Impact of Coping Skills Training on Stress, Symptom Distress in Children with Cancer

Project: A - Government Institutionb - Ministry of Science and Technology

Project Details


The psychosocial adjustment in survivors of childhood cancer is considered as a vital component for coping with chronic illness. However, research related to coping skills program designed for children with cancer is rather limited. In this 2-year proposal, we plan to: 1). develop a coping skills training program for children with cancer, 2). evaluate the outcomes of the training program, including changes in stress response as well as symptom distress outcomes. In this proposal, we plan to conduct an experimental study design among children recruited from the medical hospital in Taipei. A total of 66 subjects will be included. Subjects will be randomly allocated to either a coping skills training group, or as usual care group. The intervention consisted of a 90 minutes of coping skills training intervention once a week for 12 consecutive weeks. A baseline assessment of levels of stress and distress symptom will be established one week prior to intervention. The subjects will be followed-up at one week, 1st month, 3rd month, 6th month, respectively, after intervention. The research tools for outcome indicators measurement include Impact of Event Scales-Revised, M. D. Anderson Symptom Inventory, and Paediatric Cancer Coping Scale. Descriptive statistics such as percentage, mean, and standard deviation, as well as GEE (Generalized Estimating Equation) analysis will be conducted to estimate the effects of coping skills training on stress and distress symptoms. The results of this study will provide empirical evidence for health care providers to assist children with cancer to cope with their stress and symptom distress effectively for better psychological health.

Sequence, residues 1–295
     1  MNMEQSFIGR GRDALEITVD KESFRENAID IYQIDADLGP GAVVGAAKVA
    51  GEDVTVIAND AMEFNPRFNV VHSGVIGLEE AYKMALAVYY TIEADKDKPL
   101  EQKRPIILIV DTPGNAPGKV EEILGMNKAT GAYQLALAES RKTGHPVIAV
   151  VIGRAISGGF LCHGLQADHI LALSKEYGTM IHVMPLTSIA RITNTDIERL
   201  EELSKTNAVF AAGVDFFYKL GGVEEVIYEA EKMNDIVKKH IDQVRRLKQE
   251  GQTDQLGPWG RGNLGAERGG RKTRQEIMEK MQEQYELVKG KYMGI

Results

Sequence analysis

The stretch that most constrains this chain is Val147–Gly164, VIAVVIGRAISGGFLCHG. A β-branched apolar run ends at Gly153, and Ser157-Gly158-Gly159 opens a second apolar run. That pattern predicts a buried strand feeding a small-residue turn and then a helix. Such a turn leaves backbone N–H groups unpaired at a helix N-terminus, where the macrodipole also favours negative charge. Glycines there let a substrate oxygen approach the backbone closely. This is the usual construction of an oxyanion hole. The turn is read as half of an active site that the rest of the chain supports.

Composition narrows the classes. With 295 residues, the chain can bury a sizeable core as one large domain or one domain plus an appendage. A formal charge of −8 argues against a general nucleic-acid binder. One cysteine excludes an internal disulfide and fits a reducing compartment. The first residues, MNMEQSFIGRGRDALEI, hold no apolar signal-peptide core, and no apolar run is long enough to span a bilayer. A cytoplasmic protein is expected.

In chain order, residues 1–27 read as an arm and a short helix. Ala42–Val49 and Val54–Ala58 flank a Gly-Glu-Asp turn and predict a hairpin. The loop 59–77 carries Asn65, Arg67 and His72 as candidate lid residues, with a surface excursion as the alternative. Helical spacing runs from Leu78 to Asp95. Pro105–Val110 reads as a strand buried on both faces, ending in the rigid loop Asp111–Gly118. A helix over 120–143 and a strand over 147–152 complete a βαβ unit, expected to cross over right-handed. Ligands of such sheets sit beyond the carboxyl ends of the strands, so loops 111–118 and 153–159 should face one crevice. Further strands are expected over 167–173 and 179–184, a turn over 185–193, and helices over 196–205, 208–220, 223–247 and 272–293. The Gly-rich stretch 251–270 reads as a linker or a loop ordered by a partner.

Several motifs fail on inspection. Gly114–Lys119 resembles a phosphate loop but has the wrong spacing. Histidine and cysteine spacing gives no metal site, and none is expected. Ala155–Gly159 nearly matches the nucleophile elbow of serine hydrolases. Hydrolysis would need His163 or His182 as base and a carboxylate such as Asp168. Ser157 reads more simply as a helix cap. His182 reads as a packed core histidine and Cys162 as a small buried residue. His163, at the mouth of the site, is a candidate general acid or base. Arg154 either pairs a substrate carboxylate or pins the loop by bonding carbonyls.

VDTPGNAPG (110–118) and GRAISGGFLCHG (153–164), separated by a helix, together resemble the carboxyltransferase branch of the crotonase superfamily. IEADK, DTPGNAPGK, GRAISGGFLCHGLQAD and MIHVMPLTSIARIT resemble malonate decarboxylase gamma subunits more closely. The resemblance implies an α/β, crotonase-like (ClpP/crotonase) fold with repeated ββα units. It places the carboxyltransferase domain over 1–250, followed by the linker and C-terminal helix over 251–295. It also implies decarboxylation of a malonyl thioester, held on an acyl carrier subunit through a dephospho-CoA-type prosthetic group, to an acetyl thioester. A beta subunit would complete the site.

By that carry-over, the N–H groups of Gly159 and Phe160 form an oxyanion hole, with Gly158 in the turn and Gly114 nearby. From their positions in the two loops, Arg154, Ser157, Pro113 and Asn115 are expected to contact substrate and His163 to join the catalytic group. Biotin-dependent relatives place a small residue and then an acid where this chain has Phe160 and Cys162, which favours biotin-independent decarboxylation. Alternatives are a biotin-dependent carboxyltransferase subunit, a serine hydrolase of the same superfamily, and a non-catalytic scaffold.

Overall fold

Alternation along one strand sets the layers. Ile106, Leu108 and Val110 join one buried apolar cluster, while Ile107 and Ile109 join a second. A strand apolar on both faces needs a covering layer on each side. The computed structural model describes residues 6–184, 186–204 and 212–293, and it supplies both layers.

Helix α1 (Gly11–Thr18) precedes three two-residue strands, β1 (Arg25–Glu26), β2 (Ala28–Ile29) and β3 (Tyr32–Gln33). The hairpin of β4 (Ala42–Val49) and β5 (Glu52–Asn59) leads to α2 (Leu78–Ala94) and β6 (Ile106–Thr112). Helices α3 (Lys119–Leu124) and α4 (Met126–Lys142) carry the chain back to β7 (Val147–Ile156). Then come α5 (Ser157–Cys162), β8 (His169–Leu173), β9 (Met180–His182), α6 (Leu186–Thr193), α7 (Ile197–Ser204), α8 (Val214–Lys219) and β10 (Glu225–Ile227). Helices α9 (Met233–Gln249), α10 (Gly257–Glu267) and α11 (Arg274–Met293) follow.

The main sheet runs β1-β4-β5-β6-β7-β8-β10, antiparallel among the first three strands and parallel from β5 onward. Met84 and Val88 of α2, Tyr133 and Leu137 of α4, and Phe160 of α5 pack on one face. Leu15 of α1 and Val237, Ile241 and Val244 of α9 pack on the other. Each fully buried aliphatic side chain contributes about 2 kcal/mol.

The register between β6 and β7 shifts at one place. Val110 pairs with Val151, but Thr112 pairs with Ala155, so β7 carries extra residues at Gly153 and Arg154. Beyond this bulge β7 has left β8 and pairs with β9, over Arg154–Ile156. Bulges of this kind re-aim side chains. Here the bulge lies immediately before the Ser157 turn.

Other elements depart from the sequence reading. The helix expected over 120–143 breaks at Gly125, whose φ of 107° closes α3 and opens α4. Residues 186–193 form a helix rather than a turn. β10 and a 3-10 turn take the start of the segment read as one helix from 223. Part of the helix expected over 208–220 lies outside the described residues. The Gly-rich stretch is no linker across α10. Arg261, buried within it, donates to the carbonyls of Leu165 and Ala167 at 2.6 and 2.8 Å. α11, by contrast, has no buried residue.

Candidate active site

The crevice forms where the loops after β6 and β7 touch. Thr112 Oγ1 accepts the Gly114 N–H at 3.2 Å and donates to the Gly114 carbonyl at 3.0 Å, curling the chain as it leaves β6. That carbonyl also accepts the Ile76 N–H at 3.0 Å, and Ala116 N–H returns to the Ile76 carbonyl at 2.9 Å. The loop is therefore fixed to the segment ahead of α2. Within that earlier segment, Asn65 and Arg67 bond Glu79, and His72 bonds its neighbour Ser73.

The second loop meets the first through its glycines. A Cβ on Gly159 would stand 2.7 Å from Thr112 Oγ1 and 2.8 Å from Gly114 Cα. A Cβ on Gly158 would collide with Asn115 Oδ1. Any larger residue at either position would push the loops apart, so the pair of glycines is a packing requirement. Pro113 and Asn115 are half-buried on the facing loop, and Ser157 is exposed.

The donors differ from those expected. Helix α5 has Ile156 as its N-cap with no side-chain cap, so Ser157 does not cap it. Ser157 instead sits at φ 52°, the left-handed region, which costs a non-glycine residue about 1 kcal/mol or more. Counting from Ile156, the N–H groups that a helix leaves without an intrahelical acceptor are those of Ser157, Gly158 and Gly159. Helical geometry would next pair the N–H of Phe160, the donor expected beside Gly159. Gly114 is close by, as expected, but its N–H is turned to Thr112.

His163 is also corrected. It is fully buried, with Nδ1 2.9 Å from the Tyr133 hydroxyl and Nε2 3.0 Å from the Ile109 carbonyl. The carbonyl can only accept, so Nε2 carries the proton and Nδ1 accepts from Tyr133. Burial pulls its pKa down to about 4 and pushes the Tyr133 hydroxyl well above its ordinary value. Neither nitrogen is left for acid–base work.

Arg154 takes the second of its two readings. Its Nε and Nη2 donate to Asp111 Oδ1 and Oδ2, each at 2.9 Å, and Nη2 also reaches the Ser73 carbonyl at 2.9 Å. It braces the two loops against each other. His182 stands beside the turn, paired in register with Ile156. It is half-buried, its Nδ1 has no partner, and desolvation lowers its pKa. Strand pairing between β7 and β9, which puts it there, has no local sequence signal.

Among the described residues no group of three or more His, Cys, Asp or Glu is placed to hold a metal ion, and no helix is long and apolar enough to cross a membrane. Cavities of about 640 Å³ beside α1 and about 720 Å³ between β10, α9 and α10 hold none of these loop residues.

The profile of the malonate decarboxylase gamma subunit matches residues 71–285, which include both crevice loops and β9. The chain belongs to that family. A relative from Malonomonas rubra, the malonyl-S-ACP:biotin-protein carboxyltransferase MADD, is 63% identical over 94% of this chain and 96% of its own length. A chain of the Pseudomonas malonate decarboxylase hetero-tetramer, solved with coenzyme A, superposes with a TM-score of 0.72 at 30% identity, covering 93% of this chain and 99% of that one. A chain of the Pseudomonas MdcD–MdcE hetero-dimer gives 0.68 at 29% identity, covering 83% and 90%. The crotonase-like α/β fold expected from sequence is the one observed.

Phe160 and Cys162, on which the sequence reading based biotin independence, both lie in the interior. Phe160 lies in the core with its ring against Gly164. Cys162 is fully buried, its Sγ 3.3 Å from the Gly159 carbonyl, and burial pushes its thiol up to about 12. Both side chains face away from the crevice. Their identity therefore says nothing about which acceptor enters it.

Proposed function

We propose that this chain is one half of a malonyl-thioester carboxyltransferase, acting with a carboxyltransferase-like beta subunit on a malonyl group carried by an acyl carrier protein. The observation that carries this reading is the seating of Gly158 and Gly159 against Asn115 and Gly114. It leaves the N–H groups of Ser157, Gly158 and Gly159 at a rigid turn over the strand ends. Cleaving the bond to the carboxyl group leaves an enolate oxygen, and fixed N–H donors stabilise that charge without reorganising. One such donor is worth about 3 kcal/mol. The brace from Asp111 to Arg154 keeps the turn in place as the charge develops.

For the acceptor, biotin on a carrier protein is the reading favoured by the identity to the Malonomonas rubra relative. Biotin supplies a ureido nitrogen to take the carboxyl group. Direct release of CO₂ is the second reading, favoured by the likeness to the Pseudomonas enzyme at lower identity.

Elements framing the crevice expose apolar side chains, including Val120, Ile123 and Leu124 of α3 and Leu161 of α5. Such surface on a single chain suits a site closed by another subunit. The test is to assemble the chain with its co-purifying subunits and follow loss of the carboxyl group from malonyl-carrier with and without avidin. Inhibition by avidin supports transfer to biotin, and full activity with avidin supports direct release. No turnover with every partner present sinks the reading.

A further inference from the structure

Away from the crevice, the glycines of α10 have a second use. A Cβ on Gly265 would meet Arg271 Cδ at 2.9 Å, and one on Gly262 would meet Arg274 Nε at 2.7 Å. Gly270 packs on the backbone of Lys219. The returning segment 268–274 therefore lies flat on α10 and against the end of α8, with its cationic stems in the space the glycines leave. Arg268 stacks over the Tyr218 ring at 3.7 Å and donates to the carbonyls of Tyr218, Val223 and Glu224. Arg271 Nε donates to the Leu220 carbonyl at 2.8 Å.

Effective start/end date8/1/1310/31/14


  • coping skills training
  • stress
  • symptom distress
  • cancer
  • children
  • adolescent


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